Saturday, April 14, 2012

Monsters Inc and the important questions of life

For those days when you are on a diet, and see a hamburger...
And for those days when you think Tentalus...
Just might be the result if Celia and 
Thaladius Bile from Monsters, Inc. had a baby...
Then, my writer friends, you are ready for the ultimate truth.  Why something is "cool" depends exclusively on how well it is marketed.
Have a great day!

Friday, April 13, 2012

Love, Life, and a little Lorax

"Cause when a guy does something stupid once, well that's because he's a guy. But if he does the same stupid thing twice, that's usually to impress some girl."
                 -- the Once-ler from the Lorax

Thursday, April 12, 2012


SPOILERS: I'm chatting about my book. You have been warned.

At left is a drawing I worked on and never finished. Hence the "missing background". He's cartoony. I drew it probably ten years ago, I think (maybe longer than that). I honestly can't remember. Don't be cruel people!

Anyway, consider this my "concept art". I have other concept art sketches...some in color...some in black and white...that I've done over the years to help me visualize my characters.

This is what Kolin could look like (it's difficult to find the right picture in my mind). He's the guy that Jordan (my protagonist in SLIPSTREAM) falls in love with (yes there are gay people in my away now). They do gay things together too...not just picking out window treatments.

Kolin kills people for money. He's really good at it too because he's had lots of practice. The suit he's wearing is called a killsuit. It's one of the gadgets that my friend Donna Hole alluded to that I use in my book when she reviewed it. So what is a killsuit? Well it's something that you wear when you intend to kill people. Kolin's a professional assassin. He uses guns, swords, knives...he's really good at murdering folks.

It's a very special piece of equipment that has many properties mostly associated with the metal it's made from.
  1. It's tailor-made so that it fits like a glove. Rather than a boot, the individual toes are separated so that the person walking can get a sense of the unevenness of the ground. All the information is relayed up to the helmet which isn't pictured in the drawing. I imagine it looking kind of similar to the way a mantis-head looks, with a visor of glass. All the suits controls are chosen via a tongue pad in the helmet. You stick your tongue out and select buttons that sit right in front of your mouth.
  2. It's made of corobidian. This is a fictional Avalonian metal. It's a superconductor so you have to wear grounding arm and leg bands. Otherwise just moving around generates electricity. You run around and lightning coils around your body. Corobidian is really light...light as a feather...but stronger than any known metal. It takes tremendous heat and power to forge so suits are incredibly expensive. If it gets superheated, it can give off a fume which is a deadly poison.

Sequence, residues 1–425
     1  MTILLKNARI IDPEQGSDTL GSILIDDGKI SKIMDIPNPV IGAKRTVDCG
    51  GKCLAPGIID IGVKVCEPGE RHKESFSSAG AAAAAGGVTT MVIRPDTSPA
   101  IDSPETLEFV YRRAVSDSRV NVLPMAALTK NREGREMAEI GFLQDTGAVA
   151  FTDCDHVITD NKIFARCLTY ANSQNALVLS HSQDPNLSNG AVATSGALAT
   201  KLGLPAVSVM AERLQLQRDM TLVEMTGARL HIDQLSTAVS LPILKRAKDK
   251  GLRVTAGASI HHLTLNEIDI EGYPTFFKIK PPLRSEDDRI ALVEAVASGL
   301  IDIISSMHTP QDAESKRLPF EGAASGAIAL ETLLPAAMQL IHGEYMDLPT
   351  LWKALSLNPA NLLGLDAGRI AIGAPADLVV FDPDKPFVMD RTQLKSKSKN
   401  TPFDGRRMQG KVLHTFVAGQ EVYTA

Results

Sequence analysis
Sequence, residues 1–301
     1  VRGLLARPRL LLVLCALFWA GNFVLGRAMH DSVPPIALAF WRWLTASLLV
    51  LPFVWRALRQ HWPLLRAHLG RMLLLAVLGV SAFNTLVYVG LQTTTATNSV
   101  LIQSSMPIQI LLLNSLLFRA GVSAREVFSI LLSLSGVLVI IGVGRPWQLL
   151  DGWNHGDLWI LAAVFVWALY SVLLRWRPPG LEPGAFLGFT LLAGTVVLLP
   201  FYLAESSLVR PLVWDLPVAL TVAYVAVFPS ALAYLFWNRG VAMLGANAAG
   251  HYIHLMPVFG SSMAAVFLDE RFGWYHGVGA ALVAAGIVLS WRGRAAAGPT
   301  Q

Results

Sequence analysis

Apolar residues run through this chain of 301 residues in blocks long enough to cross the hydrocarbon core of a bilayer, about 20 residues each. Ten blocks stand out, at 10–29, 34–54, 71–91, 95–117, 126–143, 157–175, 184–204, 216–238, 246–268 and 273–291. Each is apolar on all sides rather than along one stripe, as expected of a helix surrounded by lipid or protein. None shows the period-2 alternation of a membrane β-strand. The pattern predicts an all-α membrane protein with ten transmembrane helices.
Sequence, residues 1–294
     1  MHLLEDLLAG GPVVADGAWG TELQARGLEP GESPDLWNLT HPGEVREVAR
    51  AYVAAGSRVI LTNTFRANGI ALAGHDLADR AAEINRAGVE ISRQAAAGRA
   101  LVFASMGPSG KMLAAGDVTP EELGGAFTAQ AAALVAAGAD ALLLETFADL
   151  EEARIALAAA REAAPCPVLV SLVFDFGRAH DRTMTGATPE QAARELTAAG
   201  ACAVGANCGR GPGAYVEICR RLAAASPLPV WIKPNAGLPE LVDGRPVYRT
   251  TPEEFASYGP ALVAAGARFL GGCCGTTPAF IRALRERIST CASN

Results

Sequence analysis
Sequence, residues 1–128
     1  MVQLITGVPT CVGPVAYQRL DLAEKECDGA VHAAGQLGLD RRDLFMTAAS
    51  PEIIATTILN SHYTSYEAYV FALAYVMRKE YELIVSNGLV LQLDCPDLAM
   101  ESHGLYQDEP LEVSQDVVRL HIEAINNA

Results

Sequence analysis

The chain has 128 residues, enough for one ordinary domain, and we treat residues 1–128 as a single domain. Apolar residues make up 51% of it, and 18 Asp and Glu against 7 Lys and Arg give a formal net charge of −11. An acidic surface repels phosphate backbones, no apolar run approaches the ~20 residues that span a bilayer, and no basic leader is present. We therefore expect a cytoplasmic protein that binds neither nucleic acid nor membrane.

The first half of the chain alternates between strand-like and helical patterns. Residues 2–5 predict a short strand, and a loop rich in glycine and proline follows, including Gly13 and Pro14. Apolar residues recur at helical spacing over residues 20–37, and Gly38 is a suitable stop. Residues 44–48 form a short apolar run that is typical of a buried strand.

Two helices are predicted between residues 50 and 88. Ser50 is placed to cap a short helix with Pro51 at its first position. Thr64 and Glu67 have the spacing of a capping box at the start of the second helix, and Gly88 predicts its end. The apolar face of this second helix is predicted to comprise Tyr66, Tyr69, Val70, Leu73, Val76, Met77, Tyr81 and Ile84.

3. The arms are supposed to contain weapons. On one side is an energy net. On the other is a blade that can be ejected from a casing. All weapons are made of cibrian metal. This is another fictional Avalonian creation. Unlike corobidian, cibrian is extremely hard. It's heavy, so unsuitable for armor. But any wound it creates will never heal. Ever. If you get cut by a cibrian blade, you will bleed to death. It's just that simple. There are no exceptions. I don't even use magic or anything like that to get around this rule. Cibrian inflicts permanent damage. Period. End of story. Also a sword made from cibrian is likely to never break. I can't foresee a future where I will go around this rule. And thus far, I haven't explored using cibrian bullets yet. And cibrian cuts through all other metals EXCEPT another cibrian blade.
Anyway, I use these suits extensively in the first book, SLIPSTREAM. Each suit has a color that is matched to the person and it alternates with the color black.

Wednesday, April 11, 2012


On Ellen, the host asked Sofia Vergara if she thought if brunettes or blondes had more fun.

Sofia responded:

“I would say the girls with the bigger boobs. I’ve been blonde and I’ve been brunette. I speak from experience.”

Remember ladies. With great power comes great responsibility.
This gets taught to every guy sooner or later from the wise men on the mountain.
I Love Modern Family. Ciao.

Tuesday, April 10, 2012

Ice Hockey and the Slipstream + Oculus Connection

I like writing about sports in fiction. J.K. Rowling did it with quiddich (or however it's spelled). I didn't want to make up a sport because that sounds too hard. So I chose one that I watch and understand. Ice hockey has a role to play in my first two books, and I'd like to explain why.

In SLIPSTREAM, the first book in my series A Crisis of Two Worlds, the entire plot hinges on Jordan getting an invite to a rather exclusive party that squad members from a professional team on an alternate Earth receive. It's his only way to get to a place so guarded, that other "secret agents" who tried to do so just got murdered. The sport you get in the first book is "wayyyy" out there intentionally. The sport you get in the second is down-to-earth, although I write about four separate games and in each one something sensational happens that you would rarely ever see.